The sun had set and the villagers had just performed their evening prayer at the Jami'ul Jama'ah mosque in Karang Pansor village, in North Lombok, when the ground beneath them moved violently on Sunday.
Some 65 hours later, the first of the bodies was brought out by rescuers searching for survivors.
Personnel from Indonesia's search-and-rescue agency Basarnas, soldiers and rescue teams from private mining companies were still searching through the flattened remains of the mosque yesterday.
The Straits Times saw an excavator digging through the rubble as anxious villagers looked on, hoping that people were still alive underneath the debris.
Mr Sardi Amin from Basarnas told The Straits Times: "We will continue to evacuate the victims until no one is left under there."
Officials on the ground have appealed for more aid as the scale of the disaster becomes clearer.
Thousands were made homeless and more than 156,000 people were evacuated or placed in shelters, particularly in the north of the island near the epicentre of the quake.
RESCUE WORK FACING OBSTACLES
The efforts to evacuate people have been intensified, but there are still a lot of problems on the ground.
MR SUTOPO PURWO NUGROHO, spokesman for the National Disaster Management Agency.
Rescuers yesterday retrieved the body of a woman from the rubble of the mosque, but more victims were believed to be inside.
In a separate part of North Lombok on Tuesday, rescuers in Lading-Lading village pulled out a few bodies and one survivor from the collapsed Jabbal Nur mosque.
Rescue efforts have been hampered by a shortage of heavy-lifting equipment such as excavators and hundreds of aftershocks that continued to shake the island following Sunday's magnitude-7 earthquake.
The death toll has risen to 381, and 1,033 people have been severely injured, said the Indonesian Armed Forces.
"The number of victims keeps rising," National Disaster Management Agency (BNPB) spo-kesman Sutopo Purwo Nugroho told reporters yesterday. He added that more than 42,000 houses had collapsed.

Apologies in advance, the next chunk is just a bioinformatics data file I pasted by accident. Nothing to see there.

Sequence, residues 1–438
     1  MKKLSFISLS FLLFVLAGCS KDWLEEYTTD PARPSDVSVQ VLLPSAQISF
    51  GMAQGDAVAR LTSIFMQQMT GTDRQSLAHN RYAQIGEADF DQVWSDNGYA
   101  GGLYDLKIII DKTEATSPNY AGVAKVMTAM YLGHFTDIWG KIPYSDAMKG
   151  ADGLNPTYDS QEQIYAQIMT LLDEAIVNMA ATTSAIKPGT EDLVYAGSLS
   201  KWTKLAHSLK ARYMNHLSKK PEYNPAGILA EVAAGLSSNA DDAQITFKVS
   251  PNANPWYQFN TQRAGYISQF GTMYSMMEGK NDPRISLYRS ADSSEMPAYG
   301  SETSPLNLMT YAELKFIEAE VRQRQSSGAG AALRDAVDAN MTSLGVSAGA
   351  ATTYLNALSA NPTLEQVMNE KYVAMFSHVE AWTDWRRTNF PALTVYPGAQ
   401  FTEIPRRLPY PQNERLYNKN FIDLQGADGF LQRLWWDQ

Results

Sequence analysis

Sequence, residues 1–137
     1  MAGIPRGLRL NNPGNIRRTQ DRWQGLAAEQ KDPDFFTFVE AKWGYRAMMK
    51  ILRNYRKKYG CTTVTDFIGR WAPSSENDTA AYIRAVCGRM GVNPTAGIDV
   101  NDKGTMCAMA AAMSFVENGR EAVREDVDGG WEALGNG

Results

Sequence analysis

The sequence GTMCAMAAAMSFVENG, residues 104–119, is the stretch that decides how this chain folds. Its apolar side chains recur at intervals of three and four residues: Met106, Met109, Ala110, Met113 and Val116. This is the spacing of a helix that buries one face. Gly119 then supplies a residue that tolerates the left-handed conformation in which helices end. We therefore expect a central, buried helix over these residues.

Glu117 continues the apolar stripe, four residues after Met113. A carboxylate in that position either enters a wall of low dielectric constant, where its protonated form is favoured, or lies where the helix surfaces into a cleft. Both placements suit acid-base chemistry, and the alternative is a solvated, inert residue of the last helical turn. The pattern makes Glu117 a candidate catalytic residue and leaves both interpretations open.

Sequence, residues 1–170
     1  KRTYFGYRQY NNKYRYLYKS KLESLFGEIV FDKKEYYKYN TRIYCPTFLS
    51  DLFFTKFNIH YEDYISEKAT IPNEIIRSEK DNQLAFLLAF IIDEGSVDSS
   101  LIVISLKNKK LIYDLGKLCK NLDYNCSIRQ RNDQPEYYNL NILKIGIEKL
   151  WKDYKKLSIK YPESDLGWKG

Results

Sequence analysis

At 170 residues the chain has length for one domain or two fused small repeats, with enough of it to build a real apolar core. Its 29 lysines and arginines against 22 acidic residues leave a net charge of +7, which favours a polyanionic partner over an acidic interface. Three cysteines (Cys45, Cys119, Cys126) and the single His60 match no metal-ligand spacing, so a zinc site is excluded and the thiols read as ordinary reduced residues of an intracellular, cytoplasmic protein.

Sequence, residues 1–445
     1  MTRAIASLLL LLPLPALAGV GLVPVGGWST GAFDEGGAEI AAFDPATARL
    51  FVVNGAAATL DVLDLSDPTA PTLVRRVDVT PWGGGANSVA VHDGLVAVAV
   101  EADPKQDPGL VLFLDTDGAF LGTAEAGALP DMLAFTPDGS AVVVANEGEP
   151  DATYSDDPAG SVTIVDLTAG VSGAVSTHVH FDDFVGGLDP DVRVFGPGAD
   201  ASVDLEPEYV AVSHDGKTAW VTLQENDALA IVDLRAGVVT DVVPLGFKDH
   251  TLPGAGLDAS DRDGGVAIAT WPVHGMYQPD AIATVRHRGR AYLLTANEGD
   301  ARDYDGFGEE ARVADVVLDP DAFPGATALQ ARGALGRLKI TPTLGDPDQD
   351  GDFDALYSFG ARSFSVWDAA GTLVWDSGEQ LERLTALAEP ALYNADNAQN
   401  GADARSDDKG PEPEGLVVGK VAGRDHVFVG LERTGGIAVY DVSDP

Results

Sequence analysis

There are fears that the death toll will keep going up, even as rescuers step up their search at damaged or destroyed homes, schools and mosques.
The quake also affected parts of neighbouring Bali.
"The efforts to evacuate people have been intensified, but there are still a lot of problems on the ground," said Mr Sutopo.
Lombok Island forms part of West Nusa Tenggara province. Provincial Governor Zainul Majdi told The Straits Times on Tuesday that excavators and heavy equipment were being deployed to the affected areas.
He said there was an urgent need for medical staff, food and medicine in the worst-hit areas.
Injured victims have been treated outside damaged hospitals in the main city of Mataram and other badly affected areas.
"The scale of this quake is massive for us here in West Nusa Tenggara; this is our first experience," Mr Zainul told Agence France-Presse.
Mr Hendry Achmad, a rescuer from Berau Coal who was helping out at the Jami'ul Jama'ah mosque, which collapsed like a house of cards, said that in such cases, the chances of survival are slim because there are few, if any, spaces for survivors to take refuge.
The quake also affected tourists. A total of 8,381 tourists, locals and workers of hotels and resorts on the three Gili islands - Gili Trawangan, Gili Air and Gili Meno - had been evacuated as of late Tuesday afternoon, BNPB said.
The Gilis are just off the north-west coast of Lombok.